Healthy Diet Might Halt, Reverse Alzheimer's Disease

Kathleen Blanchard's picture

Scientists say patients with early Alzheimer’s disease or mild cognitive impairment might benefit from focusing on a healthy diet. Findings from mouse studies suggest that a healthy diet might halt the progression of and even reverse the effects of Alzheimer’s disease and memory loss.

A prior study from researchers at Temple University, lead by Domenico Praticò, an associate professor of pharmacology at the School of Medicine showed that a diet rich in foods that contain methionine – red meat, certain types of fish, beans, garlic, onions and seeds increased the chances of developing amyloid plaque in the brain associated with Alzheimer’s disease. In a new study, the scientists found that mice switched to a healthy diet low in methionine had a complete reversal of cognitive decline within two months that occurred after three months on a methionine rich diet.


Mice with cognitive impairment were able to perform normally after switching to a healthy diet. Dr. Pratico says, "What it tells us is that the brain has this plasticity to reverse a lot of the bad things that have occurred; the ability to recoup a lot of things such as memory that were apparently lost, but obviously not totally lost.” The study was conducted to see if consuming a bad diet had lasting effects or if switching to healthier food options might reverse Alzheimer’s disease – and it did.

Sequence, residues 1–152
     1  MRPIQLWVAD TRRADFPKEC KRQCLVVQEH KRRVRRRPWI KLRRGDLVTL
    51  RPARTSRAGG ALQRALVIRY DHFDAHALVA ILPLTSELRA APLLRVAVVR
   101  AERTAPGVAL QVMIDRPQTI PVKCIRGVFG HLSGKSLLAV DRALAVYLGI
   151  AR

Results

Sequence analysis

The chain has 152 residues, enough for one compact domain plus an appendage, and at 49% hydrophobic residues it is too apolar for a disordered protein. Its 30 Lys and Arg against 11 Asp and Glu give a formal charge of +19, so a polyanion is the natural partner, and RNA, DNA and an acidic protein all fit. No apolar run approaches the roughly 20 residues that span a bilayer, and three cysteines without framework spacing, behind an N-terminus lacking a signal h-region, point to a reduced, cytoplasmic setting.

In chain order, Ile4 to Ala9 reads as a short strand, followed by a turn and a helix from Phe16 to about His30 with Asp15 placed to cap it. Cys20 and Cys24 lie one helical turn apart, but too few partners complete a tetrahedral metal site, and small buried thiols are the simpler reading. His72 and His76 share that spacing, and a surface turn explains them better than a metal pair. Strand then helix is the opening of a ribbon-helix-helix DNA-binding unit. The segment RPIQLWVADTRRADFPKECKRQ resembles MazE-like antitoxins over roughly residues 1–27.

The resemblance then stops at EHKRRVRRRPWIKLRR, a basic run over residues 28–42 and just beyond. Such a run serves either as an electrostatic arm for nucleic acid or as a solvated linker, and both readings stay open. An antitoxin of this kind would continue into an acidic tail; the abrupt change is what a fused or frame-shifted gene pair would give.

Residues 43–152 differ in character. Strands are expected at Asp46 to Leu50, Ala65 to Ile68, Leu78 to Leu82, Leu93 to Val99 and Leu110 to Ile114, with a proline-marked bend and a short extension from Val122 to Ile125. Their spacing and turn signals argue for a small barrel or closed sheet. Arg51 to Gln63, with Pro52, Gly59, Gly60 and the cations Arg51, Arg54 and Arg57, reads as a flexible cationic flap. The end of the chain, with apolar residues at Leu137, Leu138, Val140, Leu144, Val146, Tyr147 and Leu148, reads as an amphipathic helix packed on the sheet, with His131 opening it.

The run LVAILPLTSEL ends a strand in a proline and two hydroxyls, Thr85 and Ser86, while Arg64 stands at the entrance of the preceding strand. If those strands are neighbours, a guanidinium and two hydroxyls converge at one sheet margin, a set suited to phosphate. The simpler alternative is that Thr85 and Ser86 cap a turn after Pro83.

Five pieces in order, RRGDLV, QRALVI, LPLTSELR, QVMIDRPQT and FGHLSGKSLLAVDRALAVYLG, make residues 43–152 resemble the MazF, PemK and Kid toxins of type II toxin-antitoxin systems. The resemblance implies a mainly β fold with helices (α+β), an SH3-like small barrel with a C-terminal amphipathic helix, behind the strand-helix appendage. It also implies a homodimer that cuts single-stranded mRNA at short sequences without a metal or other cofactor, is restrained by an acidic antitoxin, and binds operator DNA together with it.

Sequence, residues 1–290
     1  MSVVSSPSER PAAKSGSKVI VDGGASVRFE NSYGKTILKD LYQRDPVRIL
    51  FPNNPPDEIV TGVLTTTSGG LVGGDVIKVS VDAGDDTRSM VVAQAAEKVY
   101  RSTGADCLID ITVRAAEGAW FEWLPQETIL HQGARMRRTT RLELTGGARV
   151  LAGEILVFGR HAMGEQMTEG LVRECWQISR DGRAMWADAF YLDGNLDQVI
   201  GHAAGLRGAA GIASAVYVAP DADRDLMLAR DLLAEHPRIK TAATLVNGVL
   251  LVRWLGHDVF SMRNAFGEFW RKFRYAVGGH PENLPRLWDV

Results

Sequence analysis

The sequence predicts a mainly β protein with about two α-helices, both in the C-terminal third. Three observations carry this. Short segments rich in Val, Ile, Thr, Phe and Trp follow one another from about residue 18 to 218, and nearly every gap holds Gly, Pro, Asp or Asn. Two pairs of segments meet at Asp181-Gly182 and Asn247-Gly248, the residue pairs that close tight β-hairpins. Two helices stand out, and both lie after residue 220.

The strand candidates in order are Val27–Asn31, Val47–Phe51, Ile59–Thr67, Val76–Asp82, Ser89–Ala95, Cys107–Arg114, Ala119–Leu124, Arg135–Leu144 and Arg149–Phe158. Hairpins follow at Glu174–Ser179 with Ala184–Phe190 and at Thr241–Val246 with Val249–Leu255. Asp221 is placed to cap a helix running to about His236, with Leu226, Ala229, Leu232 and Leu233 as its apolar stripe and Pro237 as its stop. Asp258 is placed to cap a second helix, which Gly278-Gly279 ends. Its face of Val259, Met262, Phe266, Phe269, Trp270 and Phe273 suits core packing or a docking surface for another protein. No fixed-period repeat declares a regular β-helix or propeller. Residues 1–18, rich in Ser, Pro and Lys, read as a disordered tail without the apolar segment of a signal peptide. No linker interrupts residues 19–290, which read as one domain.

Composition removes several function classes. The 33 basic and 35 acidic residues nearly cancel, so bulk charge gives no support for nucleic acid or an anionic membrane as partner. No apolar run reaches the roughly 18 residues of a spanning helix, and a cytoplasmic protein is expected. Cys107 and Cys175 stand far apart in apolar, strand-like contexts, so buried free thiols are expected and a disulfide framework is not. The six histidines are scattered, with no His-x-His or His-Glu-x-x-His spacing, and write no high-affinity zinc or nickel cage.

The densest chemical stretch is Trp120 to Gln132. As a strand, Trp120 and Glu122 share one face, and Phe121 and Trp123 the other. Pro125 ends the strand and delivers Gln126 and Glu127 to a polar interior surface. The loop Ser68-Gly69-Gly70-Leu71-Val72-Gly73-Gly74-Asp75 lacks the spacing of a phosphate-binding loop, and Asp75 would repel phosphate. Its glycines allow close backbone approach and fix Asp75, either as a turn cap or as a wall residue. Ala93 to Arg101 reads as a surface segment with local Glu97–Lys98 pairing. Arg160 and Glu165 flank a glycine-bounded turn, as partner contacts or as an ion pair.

"At the end of the study, when we looked at these mice, what we found — very surprisingly — was that switching to a more healthy diet reversed the cognitive impairment that had built up over the first three months of eating the methionine-rich diet," said Praticò. "This improvement was associated with less amyloid plaques — another sign of the disease — in their brains.

Combined with physical and mental exercises Praticò says a healthy diet might slow down and even reverse Alzheimer’s disease. The scientists believe switching to a diet lower in the amino acid methionine, even in the presence of mild cognitive decline or early Alzheimer’s disease could improve memory by reversing the effects of Alzheimer’s disease.

FASEB Journal: doi: 10.1096/fj.10-161828